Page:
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New Medicare fee schedule raises rates, limits reforms


Medicare’s outpatient imaging program has issued a New Year’s greeting in the form of rules in the 2009 Physician Fee Schedule that raise professional reimbursement rates, expand the discount for contiguous body part imaging to more applications, and introduce anti-markup rules that are far less harsh than those originally proposed.

Medicare's outpatient imaging program has issued a New Year's greeting in the form of rules in the 2009 Physician Fee Schedule that raise professional reimbursement rates, expand the discount for contiguous body part imaging to more applications, and introduce anti-markup rules that are far less harsh than those originally proposed.

A 1.1% across-the-board professional rate increase kicks in on Jan. 1. The rule reflects provisions in the Medicare Improvements for Patients and Providers Act (MIPPA), passed by Congress in July. That law extended a previously approved 0.5% hike through the end of 2008 and established a 1.1% increase for 2009.

MIPPA granted the raise while setting aside an impending 10.6% rate cut required by Medicare's Sustainable Growth Rate policy. Because Congress has delayed several previously planned SGR cuts, physicians now face the possibility of a 20% rate reduction in January 2010 if legislators do not act again.

More immediately, the Centers for Medicare and Medicaid Services added 10 high-tech imaging procedures to the list of those already qualifying for the contiguous body part discounts. It will now pay 100% of the technical component of the first scan in each assigned category and 75% of the rate for subsequent scans acquired during that imaging session or later the same day.

MIPPA also factored in CMS's decision to delay expanding stringent rules for independent diagnostic testing facilities to all outpatient imaging services, including in-office ancillary services operated by referring physicians. CMS set aside a proposal to force IDTFs to seek equipment accreditation for MR, CT, PET, and nuclear cardiology equipment by the end of 2009 because it conflicted with a MIPPA requirement for accrediting those modalities by 2012.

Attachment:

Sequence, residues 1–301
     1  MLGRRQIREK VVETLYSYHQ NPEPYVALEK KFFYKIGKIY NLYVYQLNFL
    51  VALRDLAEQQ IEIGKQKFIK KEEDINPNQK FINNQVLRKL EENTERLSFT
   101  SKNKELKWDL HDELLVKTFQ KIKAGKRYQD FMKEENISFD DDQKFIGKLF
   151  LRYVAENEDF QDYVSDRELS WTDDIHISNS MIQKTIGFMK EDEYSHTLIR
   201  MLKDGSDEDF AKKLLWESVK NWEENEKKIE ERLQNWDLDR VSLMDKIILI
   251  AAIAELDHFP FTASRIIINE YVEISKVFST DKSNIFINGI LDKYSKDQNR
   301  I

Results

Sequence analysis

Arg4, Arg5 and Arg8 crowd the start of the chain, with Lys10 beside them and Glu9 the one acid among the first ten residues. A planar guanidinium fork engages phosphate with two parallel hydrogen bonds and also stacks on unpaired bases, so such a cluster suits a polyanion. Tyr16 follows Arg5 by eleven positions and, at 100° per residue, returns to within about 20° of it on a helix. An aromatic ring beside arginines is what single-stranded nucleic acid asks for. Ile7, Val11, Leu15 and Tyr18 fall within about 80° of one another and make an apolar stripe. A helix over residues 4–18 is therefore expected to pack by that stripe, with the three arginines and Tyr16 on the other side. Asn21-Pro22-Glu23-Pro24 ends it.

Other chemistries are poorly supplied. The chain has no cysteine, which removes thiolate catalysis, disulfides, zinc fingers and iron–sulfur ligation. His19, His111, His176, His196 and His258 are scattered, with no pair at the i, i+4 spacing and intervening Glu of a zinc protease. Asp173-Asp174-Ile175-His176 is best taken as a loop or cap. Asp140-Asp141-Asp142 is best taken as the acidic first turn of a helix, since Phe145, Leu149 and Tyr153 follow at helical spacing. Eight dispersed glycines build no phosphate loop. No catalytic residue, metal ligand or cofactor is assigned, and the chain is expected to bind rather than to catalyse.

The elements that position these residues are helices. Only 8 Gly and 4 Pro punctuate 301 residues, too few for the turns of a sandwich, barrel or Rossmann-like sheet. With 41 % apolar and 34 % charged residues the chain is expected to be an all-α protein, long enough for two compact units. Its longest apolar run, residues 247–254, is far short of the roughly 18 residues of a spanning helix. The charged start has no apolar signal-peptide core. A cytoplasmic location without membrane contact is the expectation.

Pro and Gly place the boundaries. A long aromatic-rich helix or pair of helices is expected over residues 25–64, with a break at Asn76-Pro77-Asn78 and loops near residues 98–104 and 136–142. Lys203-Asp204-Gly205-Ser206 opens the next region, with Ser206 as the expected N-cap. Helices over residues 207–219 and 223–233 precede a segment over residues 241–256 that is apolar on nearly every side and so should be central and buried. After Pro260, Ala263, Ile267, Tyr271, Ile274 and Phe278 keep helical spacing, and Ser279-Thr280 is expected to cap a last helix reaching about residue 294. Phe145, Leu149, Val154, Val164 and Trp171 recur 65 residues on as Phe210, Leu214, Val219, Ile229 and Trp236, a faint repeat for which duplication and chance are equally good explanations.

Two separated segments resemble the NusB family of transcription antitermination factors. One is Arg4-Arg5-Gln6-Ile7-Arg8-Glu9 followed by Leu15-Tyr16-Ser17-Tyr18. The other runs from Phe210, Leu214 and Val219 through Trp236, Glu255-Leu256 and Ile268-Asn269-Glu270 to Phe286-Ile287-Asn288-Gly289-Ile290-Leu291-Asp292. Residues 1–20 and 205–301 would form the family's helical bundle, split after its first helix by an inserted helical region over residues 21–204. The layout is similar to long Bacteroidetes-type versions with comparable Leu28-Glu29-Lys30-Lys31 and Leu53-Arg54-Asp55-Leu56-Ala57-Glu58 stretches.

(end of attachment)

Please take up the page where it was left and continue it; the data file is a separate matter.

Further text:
While resolving that conflict, CMS backpedaling on the IDTF rules means that these facilities and in-office services will continue to be subject to very different standards for staff training and certification. In-office services will remain exempt from the rule requiring IDTFs to use registered radiologic technologists with subspecialty certification for the high-tech scanners they operate. High-tech equipment in an in-office setting need not be supervised by a physician deemed proficient in the interpretation of imaging performed with that technology.

"As I understand it, the supervising physician for an IDTF must be a board-certified radiologist," said Thomas W. Greeson, a partner with the law firm of ReedSmith in Falls Church, VA, and a contributor to Diagnostic Imaging. "A group practice may designate any of its physicians, regardless of qualifications, to the role."

CMS also watered down anti-markup regulations designed to discourage ordering physicians from participating in imaging equipment leasing deals that skirt federal anti-self-referral law. The anti-markup rule prohibits ordering physicians from charging Medicare more for the technical services performed on scanners outside their offices than they paid to rent or lease the equipment. Federal law prohibits them from billing Medicare for the use of equipment that they own offsite.

Under the 2009 rule, claims for the technical component of services are exempted from the anti-markup rule when the physician who supervises the test also performs more than at least 75% of all his or her medical services for the billing physician's practice. Exemption from the anti-markup rule can also be secured by qualifying for the "same building" requirement. This stipulates that equipment is exempted if it's located in the office (or same building) where the billing physician practices.

The anti-markup rules still broadly apply to the professional billing component, however. In these instances, the billing physician is prohibited from charging Medicare more than the radiologist is paid to read the imaging study if the study is interpreted at a remote site.

"Teleradiology will be significantly impacted by this rule," Greeson said. "If the radiologist providing interpretation does not bill Medicare separately, then the reassignment of the right to the ordering physician group will be subject to the anti-markup rule."

New MPFS rules also require high-tech mobile imaging services to register with CMS as IDTFs. This potentially costly requirement means that mobile services must bill Medicare separately from the healthcare facilities where their mobile equipment visits. The rule even applies to a mobile equipment trailer anchored at a specific site.

Until now, mobile services have often billed Medicare through the providers who contract for their services. They have not generally signed on with Medicare as participating providers, much less registered as IDTFs, Greeson said. The resulting confusion may require Medicare to clarify, if not modify, its position.

For more information from the Diagnostic Imaging and SearchMedica archives:

Final rules in 2008 Medicare Physician Fee Schedule disappoint some, elate othersMedicare proposals attack self-referralsTeleradiology's financial forecast shows chance of rain

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